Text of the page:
1943 Facts, Fun Trivia and History

1943 History, Facts and Trivia

Quick Facts from 1943:

  • World Changing Event: Nachos were invented circa 1943 by Ignacio “Nacho” Anaya in Piedras Negras, Coahuila, Mexico.
  • Influential Songs include: Paper Doll by The Mills Brothers
  • The Movies to Watch include The Ox-Bow Incident, Cabin in the Sky, For Whom the Bell Tolls, A Guy Named Joe, Lassie Come Home, This is the Army, Shadow of a Doubt, and The Song of Bernadette
  • The Most Famous Person in America was probably Betty Grable
  • Notable books include A Tree Grows in Brooklyn by Betty Smith
  • Price of 12 Quart sized Mason Jars in 1943: 98 cents
  • The Football Team(s): Due to a player shortage caused by WWII, The Pittsburgh Steelers and The Philadelphia Eagles merged and were known as the Steagles.
  • The Mystery: The USS Eldridge, docked at the Philadelphia Naval Yard, reportedly disappeared for a few minutes in a ‘transporter experiment,’ after which crew members reportedly suffered from sporadic invisibility, madness, and spontaneous combustion. The 1984 film, The Philadelphia Experiment was very loosely based on this report.
  • On August 13, 1943, J. Edgar Hoover received a letter alleging that the popularity of Frank Sinatra was being used to prepare the masses to accept a new “Hitler.” The FBI kept surveillance over Sinatra for the next 40 years.

Significant 1943 History:

  • January: The Battle of Stalingrad ended, with Soviet forces successfully driving German troops out of the city. This was a significant turning point in the war and dealt a heavy blow to German morale.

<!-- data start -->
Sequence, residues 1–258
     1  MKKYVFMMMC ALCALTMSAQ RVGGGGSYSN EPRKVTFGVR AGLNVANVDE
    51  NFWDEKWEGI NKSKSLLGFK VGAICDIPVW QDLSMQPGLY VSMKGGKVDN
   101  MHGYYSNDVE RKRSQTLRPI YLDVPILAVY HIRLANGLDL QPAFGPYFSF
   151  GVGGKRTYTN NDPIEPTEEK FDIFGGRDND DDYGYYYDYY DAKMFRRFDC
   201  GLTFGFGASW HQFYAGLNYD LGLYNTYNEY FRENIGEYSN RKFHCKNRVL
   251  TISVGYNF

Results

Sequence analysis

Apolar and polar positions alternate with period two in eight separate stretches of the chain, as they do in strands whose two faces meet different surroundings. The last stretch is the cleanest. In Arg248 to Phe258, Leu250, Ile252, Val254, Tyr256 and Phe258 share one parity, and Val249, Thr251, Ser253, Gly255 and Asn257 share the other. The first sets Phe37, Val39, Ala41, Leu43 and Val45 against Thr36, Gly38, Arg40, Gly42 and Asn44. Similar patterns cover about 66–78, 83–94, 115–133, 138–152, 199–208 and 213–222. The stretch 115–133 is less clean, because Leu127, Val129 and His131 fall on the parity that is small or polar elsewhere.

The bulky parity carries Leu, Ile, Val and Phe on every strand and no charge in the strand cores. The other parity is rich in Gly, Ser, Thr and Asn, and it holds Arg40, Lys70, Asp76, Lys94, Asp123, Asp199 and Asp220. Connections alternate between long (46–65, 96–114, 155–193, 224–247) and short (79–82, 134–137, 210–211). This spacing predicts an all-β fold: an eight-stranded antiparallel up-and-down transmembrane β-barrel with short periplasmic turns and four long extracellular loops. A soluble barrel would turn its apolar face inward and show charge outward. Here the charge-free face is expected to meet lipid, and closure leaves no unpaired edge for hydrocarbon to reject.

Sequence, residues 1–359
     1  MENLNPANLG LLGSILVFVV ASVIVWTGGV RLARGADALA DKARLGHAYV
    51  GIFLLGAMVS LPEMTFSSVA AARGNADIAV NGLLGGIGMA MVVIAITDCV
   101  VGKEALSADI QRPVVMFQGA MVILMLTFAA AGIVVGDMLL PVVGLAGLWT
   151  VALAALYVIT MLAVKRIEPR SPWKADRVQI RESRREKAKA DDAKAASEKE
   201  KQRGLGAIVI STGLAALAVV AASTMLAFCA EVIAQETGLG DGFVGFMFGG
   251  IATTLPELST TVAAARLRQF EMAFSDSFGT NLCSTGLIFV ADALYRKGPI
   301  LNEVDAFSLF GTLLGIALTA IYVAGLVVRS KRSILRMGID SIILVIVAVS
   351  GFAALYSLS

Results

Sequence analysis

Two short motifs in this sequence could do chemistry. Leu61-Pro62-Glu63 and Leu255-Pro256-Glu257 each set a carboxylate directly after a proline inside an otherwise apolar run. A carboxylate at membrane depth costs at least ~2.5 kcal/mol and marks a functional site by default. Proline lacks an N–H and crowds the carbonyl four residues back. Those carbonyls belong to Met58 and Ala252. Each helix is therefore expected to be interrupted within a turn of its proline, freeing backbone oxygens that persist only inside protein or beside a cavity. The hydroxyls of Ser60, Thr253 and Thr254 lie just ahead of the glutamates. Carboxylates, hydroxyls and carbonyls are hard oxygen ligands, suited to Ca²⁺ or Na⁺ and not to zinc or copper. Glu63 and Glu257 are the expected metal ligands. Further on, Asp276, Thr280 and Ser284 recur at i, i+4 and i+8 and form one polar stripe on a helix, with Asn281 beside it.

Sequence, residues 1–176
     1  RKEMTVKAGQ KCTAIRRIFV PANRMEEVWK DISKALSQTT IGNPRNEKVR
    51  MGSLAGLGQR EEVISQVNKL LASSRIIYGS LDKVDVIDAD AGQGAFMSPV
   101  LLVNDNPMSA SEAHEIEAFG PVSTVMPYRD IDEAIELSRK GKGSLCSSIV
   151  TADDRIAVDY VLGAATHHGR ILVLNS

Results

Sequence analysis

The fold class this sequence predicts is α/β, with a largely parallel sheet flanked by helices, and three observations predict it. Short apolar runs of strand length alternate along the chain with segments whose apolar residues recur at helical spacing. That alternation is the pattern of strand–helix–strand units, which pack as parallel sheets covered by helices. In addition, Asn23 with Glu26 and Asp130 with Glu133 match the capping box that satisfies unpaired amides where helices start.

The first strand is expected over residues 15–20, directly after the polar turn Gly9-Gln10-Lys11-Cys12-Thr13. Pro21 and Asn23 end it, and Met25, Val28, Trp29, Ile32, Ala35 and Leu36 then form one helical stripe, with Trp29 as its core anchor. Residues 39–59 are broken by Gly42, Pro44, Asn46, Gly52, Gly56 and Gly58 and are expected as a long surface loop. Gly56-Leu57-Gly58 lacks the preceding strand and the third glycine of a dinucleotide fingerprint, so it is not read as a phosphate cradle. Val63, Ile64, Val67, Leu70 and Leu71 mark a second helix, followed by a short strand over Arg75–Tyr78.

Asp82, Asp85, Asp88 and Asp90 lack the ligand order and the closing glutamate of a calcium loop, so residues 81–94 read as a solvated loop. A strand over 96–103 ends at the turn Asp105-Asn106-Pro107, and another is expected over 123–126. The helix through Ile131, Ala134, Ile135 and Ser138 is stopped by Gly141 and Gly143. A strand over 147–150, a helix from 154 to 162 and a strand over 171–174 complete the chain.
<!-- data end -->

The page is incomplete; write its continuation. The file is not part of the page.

• February: General Dwight D. Eisenhower was selected to command the Allied armies in Europe.
  • March: Rodgers and Hammerstein’s Oklahoma! opened on Broadway, heralding a new era in “integrated” stage musicals.
  • April: The Jefferson Memorial in Washington, DC, was dedicated on the 200th anniversary of Thomas Jefferson’s birthday.
  • May: The United States Army contracted with the University of Pennsylvania’s Moore School to develop the computer ENIAC.
  • June: The first game of the All-American Girls Professional Baseball League was played.
  • July: The Allies launched Operation Husky, the invasion of Sicily. This operation marked the first major Allied offensive against the Axis powers in Europe and was a prelude to the eventual invasion of mainland Italy.
  • August: The Allies bombed the Ploesti oil fields in Romania, a significant fuel source for the German war effort.
  • September: The Allies invaded Italy, with British and American forces landing on the southern coast. Italian dictator Benito Mussolini was overthrown and arrested.